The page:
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Field Validation of a Dynamic Model for an MFL ILI Tool in Gas Pipelines

[+] Author Affiliations
K. K. Botros

NOVA Chemicals Research & Technology Centre, Calgary, AB, Canada

H. Golshan

TransCanada Pipelines Limited, Calgary, AB, Canada

Paper No. IPC2010-31018, pp. 325-336; 12 pages
  • 2010 8th International Pipeline Conference
  • 2010 8th International Pipeline Conference, Volume 3
  • Calgary, Alberta, Canada, September 27–October 1, 2010
  • Conference Sponsors: International Petroleum Technology Institute and the Pipeline Division
  • ISBN: 978-0-7918-4422-9 | eISBN: 978-0-7918-3885-3
  • Copyright © 2010 by ASME


Movements of pigs in gas pipelines are subject to more stringent parameters than that in liquid pipelines, predominantly due to the compressibility of gas. This is accentuated when the pig has to negotiate an upward inclination in the section of the pipeline, where the gravity force due to its weight can compromise the driving pressure drop across it. On a downward slope, a pig can accelerate to a velocity higher than the maximum required for the proper operation the instrumentation (which is typically around 5 m/s). On the other hand, in-line inspection tools often face challenges at wall thickness transitions or bends. The ability to accurately predict the functional performance of pigs is vital in the design and operation of pipelines and their associated pigging programs. The present paper provides a general formulation for the motion of pigs in an inclined pipeline section, taking into account effects of gas properties, wall friction, by-pass flow for speed control, differential pressure across the pig, seal efficiency, and gap flows, among other parameters. Comparison between model prediction and actual data from pigging a 158 km NPS 18 gas pipeline on TransCanada’s pipeline system in Alberta, Canada is presented. The elevation profile along this pipeline contains both positive (upward) and negative (downward) slopes. This is a lateral line which features 28 gas receipt points along the line, all were feeding in gas during the pigging program. Good agreement between model prediction and field data is demonstrated within ± 8% of St. Deviation. Example of a problem occurring at wall thickness transition at a valve section is demonstrated by a sudden stop of an MFL tool followed by a shootout at a higher velocity once the pressure is built up behind it.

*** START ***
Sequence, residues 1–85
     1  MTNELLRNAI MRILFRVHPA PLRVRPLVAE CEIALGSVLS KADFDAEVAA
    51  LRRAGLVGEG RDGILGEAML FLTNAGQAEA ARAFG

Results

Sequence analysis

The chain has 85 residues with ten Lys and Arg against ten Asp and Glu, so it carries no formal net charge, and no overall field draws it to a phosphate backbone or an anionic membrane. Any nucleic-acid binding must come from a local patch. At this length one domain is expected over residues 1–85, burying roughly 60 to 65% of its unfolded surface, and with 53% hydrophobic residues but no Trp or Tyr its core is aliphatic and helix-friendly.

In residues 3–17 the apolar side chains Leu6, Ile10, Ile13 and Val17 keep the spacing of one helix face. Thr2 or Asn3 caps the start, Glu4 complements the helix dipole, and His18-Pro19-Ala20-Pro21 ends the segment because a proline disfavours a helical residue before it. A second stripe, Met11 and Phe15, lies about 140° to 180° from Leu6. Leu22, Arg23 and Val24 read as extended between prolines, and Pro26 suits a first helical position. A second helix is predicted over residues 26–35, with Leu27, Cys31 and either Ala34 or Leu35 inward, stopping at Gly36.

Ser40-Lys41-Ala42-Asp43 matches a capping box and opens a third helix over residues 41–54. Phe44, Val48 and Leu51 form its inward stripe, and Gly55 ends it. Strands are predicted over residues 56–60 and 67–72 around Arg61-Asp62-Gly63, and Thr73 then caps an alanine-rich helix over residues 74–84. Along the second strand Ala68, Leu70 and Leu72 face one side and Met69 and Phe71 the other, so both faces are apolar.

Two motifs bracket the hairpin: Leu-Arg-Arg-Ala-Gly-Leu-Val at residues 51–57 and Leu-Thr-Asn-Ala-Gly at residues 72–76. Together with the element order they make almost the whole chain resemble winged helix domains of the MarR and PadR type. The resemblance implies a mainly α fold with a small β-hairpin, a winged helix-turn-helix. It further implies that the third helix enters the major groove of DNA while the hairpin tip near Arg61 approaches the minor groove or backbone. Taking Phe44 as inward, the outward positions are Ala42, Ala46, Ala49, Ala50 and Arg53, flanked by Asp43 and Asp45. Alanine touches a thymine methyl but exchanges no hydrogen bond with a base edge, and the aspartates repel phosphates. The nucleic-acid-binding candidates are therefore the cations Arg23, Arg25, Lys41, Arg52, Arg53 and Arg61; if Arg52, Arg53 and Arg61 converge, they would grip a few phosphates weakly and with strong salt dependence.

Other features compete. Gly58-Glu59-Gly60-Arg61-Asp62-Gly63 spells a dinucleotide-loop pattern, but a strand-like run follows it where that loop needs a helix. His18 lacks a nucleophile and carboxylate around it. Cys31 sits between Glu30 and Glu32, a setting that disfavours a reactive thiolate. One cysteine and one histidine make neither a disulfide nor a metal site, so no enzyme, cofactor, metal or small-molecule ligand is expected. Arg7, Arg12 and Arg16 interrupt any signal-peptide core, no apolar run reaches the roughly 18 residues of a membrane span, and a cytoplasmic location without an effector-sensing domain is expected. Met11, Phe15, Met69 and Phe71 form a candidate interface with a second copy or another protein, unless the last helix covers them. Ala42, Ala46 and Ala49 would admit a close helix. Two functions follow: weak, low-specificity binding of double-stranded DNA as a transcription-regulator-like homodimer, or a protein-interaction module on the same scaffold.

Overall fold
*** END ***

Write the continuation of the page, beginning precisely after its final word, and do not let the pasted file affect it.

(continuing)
Copyright © 2010 by ASME



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